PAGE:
Washington Governor Jay Inslee announced on Monday that state Attorney General Bob Ferguson intends to challenge President Donald Trump’s transgender military ban.
“We welcome all members of the National Guard and service they provide and all the talent they provide regardless of their gender or orientation,” Inslee said in a news conference.
Ferguson's office sent a news release on Monday afternoon that argued the ban “constitutes undisguised sex and gender identity discrimination."
Scroll down to keep reading.
- Sen. Murray on Trump’s transgender military ban: ‘This is not who we are’
- Trump: Transgender people won't be allowed in the military
- Report: Transgender health care would cost fraction of what military spends on Viagra
- Ellen DeGeneres fires back at Trump's tweet about transgender military ban
- Washington state stands up for transgender veterans' denied surgeries
Why Trump wants a ban?
Trump sent a series of tweets in July how the military could not be burdened with the tremendous medical costs and disruption that “transgender in the military would entail.” It came as the military faced a deadline for updating its medical standards to accommodate transgender service members.
In August, Trump signed a directive ordering a ban on transgender people serving, but it deferred to the Pentagon on how to remove those in uniform.
Defense Secretary Jim Mattis told The New York Times that a panel will analyze the ban and that transgender members will be able to serve pending the results of a study.
The ban reverses an Obama-era military policy in operation since last year, which allowed transgender service members to serve openly in the military.
What's in the motion?
In the motion to intervene, filed in the U.S. District Court for the Western District of Washington, Ferguson argues the ban "serves no legitimate purpose and its implementation will have significant, damaging impacts on the State of Washington and its residents.”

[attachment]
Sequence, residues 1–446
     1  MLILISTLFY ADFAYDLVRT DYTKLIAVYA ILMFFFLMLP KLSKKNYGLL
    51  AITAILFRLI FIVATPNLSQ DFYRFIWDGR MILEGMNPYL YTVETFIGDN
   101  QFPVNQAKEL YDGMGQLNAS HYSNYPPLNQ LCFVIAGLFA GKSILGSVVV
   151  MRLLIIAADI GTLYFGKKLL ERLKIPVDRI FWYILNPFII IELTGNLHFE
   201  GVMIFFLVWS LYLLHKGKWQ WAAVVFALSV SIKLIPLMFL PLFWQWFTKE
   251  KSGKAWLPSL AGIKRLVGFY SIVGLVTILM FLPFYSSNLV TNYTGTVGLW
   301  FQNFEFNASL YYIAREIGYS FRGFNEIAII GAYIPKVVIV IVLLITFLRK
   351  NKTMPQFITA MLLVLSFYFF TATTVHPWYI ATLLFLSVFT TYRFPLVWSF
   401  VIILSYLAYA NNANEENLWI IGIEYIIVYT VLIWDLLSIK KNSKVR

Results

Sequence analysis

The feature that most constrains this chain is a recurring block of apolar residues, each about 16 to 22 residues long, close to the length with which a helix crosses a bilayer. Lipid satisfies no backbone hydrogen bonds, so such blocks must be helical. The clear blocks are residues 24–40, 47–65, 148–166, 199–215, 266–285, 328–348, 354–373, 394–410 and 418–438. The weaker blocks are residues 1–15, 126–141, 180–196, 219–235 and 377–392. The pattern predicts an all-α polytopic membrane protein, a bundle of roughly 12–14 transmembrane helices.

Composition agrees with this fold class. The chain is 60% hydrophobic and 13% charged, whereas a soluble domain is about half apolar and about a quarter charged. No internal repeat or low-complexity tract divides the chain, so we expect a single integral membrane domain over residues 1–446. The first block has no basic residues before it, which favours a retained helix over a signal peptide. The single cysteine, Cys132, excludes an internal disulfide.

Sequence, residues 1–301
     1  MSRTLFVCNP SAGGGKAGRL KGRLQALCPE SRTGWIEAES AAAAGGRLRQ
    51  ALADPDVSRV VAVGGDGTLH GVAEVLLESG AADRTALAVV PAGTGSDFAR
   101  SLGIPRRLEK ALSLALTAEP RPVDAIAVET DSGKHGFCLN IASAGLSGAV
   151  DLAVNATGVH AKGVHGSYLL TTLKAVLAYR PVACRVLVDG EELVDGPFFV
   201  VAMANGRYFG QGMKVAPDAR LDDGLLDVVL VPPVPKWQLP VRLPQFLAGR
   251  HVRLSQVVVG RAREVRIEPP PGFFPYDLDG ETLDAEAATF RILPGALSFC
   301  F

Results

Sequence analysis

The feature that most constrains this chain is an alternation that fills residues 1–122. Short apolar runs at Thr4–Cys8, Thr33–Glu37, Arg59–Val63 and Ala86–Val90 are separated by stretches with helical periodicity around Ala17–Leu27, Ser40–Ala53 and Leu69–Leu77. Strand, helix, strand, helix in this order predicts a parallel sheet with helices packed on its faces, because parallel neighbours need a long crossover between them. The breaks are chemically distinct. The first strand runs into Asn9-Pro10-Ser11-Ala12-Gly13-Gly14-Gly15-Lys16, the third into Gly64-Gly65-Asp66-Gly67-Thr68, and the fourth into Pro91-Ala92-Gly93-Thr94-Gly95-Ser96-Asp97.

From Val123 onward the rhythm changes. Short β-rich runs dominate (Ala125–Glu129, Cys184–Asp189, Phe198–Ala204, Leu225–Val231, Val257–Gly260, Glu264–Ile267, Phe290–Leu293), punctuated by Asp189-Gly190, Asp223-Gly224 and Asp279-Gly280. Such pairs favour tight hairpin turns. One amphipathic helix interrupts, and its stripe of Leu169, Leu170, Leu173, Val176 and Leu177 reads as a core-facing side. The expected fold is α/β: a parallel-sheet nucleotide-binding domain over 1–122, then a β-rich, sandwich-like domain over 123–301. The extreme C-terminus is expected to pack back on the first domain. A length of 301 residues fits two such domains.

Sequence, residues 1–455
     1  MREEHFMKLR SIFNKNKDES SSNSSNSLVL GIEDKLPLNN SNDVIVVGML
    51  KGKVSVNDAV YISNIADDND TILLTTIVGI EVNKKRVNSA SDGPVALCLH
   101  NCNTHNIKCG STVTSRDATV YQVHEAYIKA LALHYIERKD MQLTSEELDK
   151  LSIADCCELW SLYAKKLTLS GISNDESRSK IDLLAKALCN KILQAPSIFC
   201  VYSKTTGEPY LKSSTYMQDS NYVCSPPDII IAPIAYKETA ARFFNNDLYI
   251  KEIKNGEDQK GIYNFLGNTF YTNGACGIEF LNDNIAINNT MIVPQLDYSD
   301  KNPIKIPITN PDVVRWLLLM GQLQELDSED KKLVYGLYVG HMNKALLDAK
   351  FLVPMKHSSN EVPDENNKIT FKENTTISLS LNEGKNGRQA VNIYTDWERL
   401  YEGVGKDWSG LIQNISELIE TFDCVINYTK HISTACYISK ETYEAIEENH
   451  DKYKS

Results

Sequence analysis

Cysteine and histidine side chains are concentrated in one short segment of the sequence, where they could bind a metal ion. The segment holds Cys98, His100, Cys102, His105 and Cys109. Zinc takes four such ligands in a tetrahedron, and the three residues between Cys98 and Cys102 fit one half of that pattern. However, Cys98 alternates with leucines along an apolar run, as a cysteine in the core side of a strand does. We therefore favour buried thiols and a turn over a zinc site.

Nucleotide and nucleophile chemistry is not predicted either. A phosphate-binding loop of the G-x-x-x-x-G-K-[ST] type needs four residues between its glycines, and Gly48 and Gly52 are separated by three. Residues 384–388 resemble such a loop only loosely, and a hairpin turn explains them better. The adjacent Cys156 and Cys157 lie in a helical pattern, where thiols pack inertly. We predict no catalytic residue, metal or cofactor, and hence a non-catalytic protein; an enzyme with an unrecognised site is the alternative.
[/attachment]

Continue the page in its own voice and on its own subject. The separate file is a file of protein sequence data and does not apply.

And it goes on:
Washington is home to approximately 60,000 active, reserve and National Guard members. The court will make its decision sometime after a three-week “noting period” has elapsed.
Washington state already a leader for transgender people in military
In June, Washington state Attorney General Bob Ferguson filed an amicus brief, along with eight others states,in a lawsuit that wants to change a Department of Veteran Affairs rule that denies surgical services to transgender veterans.
The brief is part of a lawsuit brought by Marine Corps veteran Dee Fulcher and U.S. Army veteran Giuliano Silva.
Silva, 26, wrote in a blog post he was denied coverage for a doctor-recommended mastectomy for back pain, and it lead to early retirement from service.
“My doctor told me that I needed to have surgery because of my severe back pain, but simply because I am transgender, a procedure that is available to thousands of other veterans will not be covered by the VA for me,” Silva wrote. “I made a commitment to the Army and I kept it until I retired, but it is heartbreaking for me that this policy on transition-related surgery keeps the VA from upholding its duty to me.”
Fulcher and Silva's lawsuit is not directly involved in Trump’s ban. Medical standards for military branches are under of the Department of Defense, whereas Fulcher and Silva's case is against the VA.
But Ferguson's brief in the lawsuit does talk about the claim regarding unmanageable costs for transgender veterans’ health care.
Ferguson’s team argues that covering sex reassignment surgery will not significantly raise health care costs and premiums. And that the costs associated with negative health effects could burden the states, according to the legal team’s argument.
How would health care costs be impacted?
President Trump's assertion that permitting transgender people in the armed services entails major health care costs appears to be overblown, based on estimates from the think tank RAND, which was asked by the Department of Defense to study the issue last year.
Health care costs for treating active members who want to transition to another gender would increase by between $2.4 million to $8.4 million annually, RAND found. That translates to 0.04 percent to 0.13 percent of the agency's annual spending on health care.
"Our study found that the number of U.S. transgender service members who are likely to seek transition-related care is so small that a change in policy will likely have a marginal impact on health care costs and the readiness of the force," the Rand researchers wrote.
Some military personnel are already in the process of changing gender, or have been formally approved to change gender. The numbers are small, however, with the Associated Press noting it currently stands at about 250 service members.
© 2018 Cox Media Group.